A major study will examine what limits should be put on the continued use of non-human primates in UK experiments.
There are strict regulations controlling the use of monkeys
The review is being undertaken by four of Britain's leading medical and scientific organisations.
It follows the fractious arguments between the research community and the animal welfare lobby over the need for new testing centres in the country.
Some 3,000 primates - mostly marmoset and macaque monkeys - are used in British labs each year.
Three-quarters of them are employed in toxicology tests - checking to see if new drug compounds are likely to be harmful if carried forward into human trials.
The predominant view in science is that monkeys' physiological similarities to humans - we are also primates - make them powerful tools to investigate the diseases and fundamental biology of people.
But that closeness also raises an acute ethical dilemma - and there is growing pressure for the relatively small numbers of non-human primates used in tests to be reduced still further.
Now, the Academy of Medical Sciences, the Royal Society, the Medical Research Council and the Wellcome Trust are setting up a working group to examine the recent, current and future scientific basis for biological and medical research involving non-human primates.
Members of the working group, which will be chaired by Sir David Weatherall, will be drawn from outside the non-human primate research community. The group will include a broad range of scientific expertise, in addition to ethical and lay representation.
Sir David said: "We hope to establish areas where alternatives, such as genetically modified mice or computer modelling, might be an appropriate option.
"Equally, the study will examine areas of research where there is likely to be continuing need. The working group also hope to outline what, if any, new ethical, welfare or regulatory questions emerge from the conclusions of the scientific review."
Animal welfare groups will be pushing for an end to primate experiments altogether.
They argue that many of the tests induce needless suffering and provide worthless science.
UK ANIMAL PROCEDURES (2003)
About 2.8m new 'experiments' are started each year
In the mid-1970s this figure was over 5m
Mice are the dominant research tool, followed by rats
About 40% of all procedures use some form of anaesthesia
Non-human primates form a tiny fraction of the experiments
No great apes can be used in animal experiments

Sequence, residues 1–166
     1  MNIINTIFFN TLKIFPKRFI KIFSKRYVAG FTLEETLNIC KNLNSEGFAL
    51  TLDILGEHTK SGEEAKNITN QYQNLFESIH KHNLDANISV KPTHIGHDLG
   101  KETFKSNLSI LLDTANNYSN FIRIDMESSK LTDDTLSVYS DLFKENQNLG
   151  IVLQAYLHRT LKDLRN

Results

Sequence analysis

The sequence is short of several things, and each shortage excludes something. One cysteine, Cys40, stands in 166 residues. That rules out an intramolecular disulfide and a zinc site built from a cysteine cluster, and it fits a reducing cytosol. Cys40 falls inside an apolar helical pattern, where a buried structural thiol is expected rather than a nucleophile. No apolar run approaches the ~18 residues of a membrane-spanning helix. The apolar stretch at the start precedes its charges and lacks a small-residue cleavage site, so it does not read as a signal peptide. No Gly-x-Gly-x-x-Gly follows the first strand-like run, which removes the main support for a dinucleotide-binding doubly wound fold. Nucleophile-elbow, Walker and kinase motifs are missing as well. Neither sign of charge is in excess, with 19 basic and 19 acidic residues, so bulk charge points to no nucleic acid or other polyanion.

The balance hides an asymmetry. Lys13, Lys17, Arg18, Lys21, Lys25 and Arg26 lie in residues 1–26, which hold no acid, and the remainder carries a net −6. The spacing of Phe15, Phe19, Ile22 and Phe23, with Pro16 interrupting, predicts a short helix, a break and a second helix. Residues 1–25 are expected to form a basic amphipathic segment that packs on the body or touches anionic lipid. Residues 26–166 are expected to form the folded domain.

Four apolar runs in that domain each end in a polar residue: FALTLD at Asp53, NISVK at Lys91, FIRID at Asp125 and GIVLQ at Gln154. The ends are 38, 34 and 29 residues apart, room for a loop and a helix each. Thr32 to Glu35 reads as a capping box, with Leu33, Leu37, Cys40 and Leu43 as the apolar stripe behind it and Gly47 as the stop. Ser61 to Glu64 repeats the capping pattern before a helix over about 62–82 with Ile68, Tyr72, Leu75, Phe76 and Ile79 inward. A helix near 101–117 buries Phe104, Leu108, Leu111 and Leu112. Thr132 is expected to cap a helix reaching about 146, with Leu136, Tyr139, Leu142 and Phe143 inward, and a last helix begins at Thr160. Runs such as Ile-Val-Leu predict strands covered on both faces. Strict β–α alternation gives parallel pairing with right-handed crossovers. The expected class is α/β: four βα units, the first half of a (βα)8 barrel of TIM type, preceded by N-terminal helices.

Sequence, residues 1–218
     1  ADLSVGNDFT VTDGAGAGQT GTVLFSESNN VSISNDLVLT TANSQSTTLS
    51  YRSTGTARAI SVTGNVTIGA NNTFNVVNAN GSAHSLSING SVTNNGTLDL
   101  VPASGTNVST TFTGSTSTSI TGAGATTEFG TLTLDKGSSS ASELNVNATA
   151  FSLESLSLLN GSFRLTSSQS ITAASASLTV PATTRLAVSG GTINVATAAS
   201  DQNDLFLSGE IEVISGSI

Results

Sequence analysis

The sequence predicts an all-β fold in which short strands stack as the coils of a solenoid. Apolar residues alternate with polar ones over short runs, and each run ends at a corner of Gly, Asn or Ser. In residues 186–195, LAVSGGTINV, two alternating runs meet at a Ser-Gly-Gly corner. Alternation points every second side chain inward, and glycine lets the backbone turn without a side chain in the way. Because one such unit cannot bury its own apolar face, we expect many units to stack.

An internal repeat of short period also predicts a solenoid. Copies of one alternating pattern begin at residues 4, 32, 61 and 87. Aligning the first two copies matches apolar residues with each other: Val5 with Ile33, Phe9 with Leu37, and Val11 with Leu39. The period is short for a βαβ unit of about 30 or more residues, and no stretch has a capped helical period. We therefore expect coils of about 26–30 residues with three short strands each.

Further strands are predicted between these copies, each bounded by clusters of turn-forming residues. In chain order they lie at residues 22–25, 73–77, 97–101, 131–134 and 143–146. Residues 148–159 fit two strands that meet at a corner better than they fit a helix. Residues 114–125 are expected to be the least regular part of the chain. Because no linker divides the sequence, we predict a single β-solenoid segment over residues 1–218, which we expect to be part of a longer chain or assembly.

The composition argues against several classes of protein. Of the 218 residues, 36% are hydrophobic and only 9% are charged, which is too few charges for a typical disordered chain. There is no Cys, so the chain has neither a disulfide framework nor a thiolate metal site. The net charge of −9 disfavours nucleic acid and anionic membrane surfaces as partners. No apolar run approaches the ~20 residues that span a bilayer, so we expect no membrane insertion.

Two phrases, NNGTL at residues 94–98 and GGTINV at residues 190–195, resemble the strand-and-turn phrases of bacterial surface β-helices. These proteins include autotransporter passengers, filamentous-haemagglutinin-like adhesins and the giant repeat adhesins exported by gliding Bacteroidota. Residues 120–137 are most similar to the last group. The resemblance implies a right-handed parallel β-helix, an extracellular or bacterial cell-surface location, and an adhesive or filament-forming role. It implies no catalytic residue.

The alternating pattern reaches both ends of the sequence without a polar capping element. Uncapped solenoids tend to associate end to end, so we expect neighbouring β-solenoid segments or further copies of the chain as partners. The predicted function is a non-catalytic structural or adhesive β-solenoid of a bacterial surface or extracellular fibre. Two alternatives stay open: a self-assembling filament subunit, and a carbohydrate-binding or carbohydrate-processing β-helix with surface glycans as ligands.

No wild-caught monkeys can be used in animal experiments
"The animals provide data - of course they do - but it's the wrong data," said Andre Menache from Animal Aid. "It applies to monkeys; it doesn't apply to people.
"Whatever you discover, you will have to re-discover using people, so not only do the animals suffer using these experiments, the first few patients using these novel treatments will suffer, too.
"In fact, there are 700 treatments for stroke that work in laboratory animals - only one works in people and even that one treatment is controversial. We are doing something wrong," he told BBC News.
Mainstream science disputes this argument and believes some level of testing will continue to be necessary.
"Certain organ systems in monkeys are really similar to humans and that makes them especially appropriate for medical research - particularly the reproductive system, the hormone system, the immune system, the lungs and the brain," explained Professor Colin Blakemore, chief executive of the Medical Research Council.
"Research on monkeys has been particularly important for vaccine development- particularly polio vaccine - but also the recent testing of possible HIV vaccines.
"It's also been essential for developing new treatments for hepatitis, reproductive disorders, infertility, and so on, and in the future it will be crucial for the development of treatments for brain disorders," he told BBC News.
Indeed, it has been said that in order to tackle the neurological diseases afflicting a "greying population", a steady supply of monkeys will be needed in the future on which to test the safety and effectiveness of the next-generation pills.
Experts have argued the extremely specific way these novel products work means primates - because their brain architecture is so very similar to our own - will be the only animals suitable for experimentation.